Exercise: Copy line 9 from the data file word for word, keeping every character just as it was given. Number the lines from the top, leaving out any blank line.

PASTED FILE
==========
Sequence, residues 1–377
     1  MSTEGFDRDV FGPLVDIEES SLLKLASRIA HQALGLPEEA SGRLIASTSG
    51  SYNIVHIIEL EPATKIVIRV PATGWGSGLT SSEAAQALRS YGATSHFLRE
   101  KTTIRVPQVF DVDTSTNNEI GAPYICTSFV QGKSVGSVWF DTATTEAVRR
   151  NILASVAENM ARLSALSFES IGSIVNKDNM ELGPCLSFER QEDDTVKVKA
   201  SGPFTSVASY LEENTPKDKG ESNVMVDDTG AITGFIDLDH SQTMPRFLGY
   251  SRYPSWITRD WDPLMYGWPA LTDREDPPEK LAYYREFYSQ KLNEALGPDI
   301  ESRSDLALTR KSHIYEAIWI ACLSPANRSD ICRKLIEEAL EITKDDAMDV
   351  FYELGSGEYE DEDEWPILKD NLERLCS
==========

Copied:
   351  FYELGSGEYE DEDEWPILKD NLERLCS